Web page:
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Syndicated column from The Parent
[FEB. 17, 2006]
Q: Our son is in sixth grade and the science
fair is coming up at his school. Last year, he put off his project
until the last minute. We were all in a state of panic from the
pressure. What can we do to make sure this year is different? How
much help should we give?
A: Projects like these can teach students important
skills in time management and research -- but they can also leave
parents wondering how involved they really should be. Some parents
get too involved. Their child may end up with a beautiful project --
and may even win the science fair -- but their child won't really
learn how science works or get the sense of independence that comes
from figuring things out on his own. Other parents take a completely
hands-off approach. This can leave their child feeling overwhelmed.
How can you strike a balance? Here are some suggestions.
Help your son
choose a project that will maintain his interest. Science
projects take a long time.
Have him make a
list of all the supplies he'll need. Make sure he includes a
notebook for recording observations or data.
Set lots of
deadlines. This is where most children need help from parents.
Six weeks seems like an eternity to a sixth-grader. Help him set
up a schedule with a deadline for each part of the project. Try
making Friday the due date. If your son has not met a particular
deadline, he can get caught up on the weekend.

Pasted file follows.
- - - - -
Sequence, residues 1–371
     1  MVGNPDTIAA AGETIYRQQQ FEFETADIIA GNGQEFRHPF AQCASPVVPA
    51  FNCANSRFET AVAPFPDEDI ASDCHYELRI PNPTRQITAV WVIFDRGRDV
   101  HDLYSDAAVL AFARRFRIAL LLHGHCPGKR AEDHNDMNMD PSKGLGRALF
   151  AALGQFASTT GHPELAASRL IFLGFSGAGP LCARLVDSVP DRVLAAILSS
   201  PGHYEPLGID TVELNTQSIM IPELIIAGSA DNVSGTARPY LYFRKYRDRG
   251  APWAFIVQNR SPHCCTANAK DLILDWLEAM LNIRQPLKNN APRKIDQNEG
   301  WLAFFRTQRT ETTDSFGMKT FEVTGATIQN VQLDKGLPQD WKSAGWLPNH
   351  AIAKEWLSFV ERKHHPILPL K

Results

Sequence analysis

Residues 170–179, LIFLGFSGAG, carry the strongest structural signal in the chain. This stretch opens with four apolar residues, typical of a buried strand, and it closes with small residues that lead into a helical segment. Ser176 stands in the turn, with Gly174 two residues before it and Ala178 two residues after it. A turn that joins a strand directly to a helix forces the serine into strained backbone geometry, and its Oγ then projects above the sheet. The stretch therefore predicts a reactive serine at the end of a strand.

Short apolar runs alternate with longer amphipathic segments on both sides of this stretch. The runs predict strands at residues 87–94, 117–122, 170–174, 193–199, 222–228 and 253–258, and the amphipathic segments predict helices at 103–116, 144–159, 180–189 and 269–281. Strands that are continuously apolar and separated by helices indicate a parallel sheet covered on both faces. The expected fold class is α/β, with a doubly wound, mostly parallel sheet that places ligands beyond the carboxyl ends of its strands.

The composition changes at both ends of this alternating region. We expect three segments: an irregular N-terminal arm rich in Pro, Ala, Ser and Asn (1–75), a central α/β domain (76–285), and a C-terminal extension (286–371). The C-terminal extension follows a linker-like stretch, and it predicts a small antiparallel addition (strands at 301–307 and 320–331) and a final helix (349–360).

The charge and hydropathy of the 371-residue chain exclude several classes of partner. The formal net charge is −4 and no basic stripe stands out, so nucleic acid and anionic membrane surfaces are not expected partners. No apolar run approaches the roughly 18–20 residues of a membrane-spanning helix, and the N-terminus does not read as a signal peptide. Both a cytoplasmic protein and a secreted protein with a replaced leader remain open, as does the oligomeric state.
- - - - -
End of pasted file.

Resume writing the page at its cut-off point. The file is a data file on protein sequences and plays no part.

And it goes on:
Write the science
fair date on the calendar and then work backward. How long will
it take to do the project? (As many children have discovered,
plants will not grow overnight.) Will your son need to plan any
visits to complete the project? Remind him that even a trip to
the library can be hard to schedule at the last minute. Don't
forget the trips to the store to look for supplies. There's
nothing like learning your son needs six ping-pong balls and
glue just after the stores have closed.
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Include the time
it will take to create a display of what he's learned. Don't
forget to build in a day or two for the disaster that always
seems to happen as the science fair gets closer.
Keep everything in
one place. Set up a shelf, a table or a box. Put all science
fair stuff there.
Post the completed
list of deadlines in a place where you'll both see it every day.
Then, as your son achieves each step, have him cross off that
Working on a project for the science fair is a great way to
explore and learn. Your son will not only learn something about
science this year, he'll also learn some valuable time management
For more information about helping children learn or to submit
your own question, go to
http://advisor.parent-institute.com. All questions will receive
a prompt answer by e-mail.
Copyright 2006, The Parent Institute.
"Ask the Learning Advisor -- Ideas for Raising Successful
Children" is a free, syndicated column from the Parent Institute.